ZMA vs Casein: Which Is Better for Nighttime Recovery?

Recently, I’ve received a few questions from readers asking whether I prefer ZMA (a specific blend of magnesium and zinc) or casein for athletic recovery at night. This is an especially interesting question to me, because the two supplements vary so much; the question itself is a little bit misleading, as ZMA is a mineral blend while casein is a slow-digesting protein. Basically, there’s not reason to think they need to be mutually exclusive!

I’m a big fan of ZMA (I really like True Athlete’s version, which adds the calming amino acid l-theanine to the blend). It’s a blend of specific forms of magnesium, zinc, and vitamin B6 that promote deep, restful sleep. Though versions of the formulation are made by several different brands, the blend was originally developed because it may enhance athletic recovery after exercise — though that’s a controversial may, and studies are mixed. ZMA is much more widely accepted as an effective sleep aid — again, my experience backs this — and better sleep itself is an important recovery-enhancing tool.

Casein, on the other hand, is a protein derived from milk, similar to whey protein. It generally digests slower than whey protein, making it an effective tool in promoting protein synthesis (aka the process that builds muscles) while we sleep. Many athletes drink a casein-based shake sometime before bed to give the body a ready supply of protein for muscles while they sleep. Casein generally blends to a thicker, creamier shake than whey protein.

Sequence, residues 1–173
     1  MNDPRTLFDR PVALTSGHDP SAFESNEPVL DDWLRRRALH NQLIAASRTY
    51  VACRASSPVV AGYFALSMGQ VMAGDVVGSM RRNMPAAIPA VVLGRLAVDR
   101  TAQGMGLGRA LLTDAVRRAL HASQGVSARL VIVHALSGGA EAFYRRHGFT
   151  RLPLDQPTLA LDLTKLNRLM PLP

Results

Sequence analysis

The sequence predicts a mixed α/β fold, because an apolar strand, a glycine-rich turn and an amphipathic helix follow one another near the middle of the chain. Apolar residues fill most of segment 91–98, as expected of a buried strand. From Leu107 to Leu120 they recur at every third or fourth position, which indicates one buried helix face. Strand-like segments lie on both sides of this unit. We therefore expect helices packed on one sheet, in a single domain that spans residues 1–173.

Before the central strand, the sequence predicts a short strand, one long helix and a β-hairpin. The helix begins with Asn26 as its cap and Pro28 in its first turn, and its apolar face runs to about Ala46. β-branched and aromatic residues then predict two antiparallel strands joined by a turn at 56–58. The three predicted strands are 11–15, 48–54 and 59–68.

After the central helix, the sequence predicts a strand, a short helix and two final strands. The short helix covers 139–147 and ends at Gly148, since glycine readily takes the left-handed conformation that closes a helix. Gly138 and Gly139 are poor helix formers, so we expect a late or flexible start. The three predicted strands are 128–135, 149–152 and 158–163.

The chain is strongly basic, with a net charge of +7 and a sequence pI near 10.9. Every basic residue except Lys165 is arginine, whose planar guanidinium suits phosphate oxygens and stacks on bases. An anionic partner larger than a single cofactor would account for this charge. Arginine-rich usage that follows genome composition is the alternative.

When I was a college athlete (and occasionally still), I will drink casein protein at night or before bed. My go-to brand for years has been Optimum Nutrition’s casein, a popular version for athletes that doesn’t feature a long or confusing list of ingredients. Pretty much every athlete I know has tried and enjoyed this casein protein.

ZMA may not be the best combo for sleep, however, as there’s some research to indicate that when consumed together, zinc and calcium reduce each other’s absorption in the gut (though the effect seems relatively small). Personally, I don’t like taking protein shakes immediately before bed, and I’ll often take one in the evening as a last meal a few hours before I go to sleep. Then I’ll take ZMA 30-60 minutes before bed. This ordering seems to work well for me to promote restful sleep and recovery, though individual results may vary!


Having written hundreds of articles on, Caitlyn knows what she's talking about when it comes to getting the best night's sleep. When not sleeping, reading about sleep, or writing about sleep, you can usually find her at the gym. Want to get in touch? The best way is to leave a comment on one of her articles.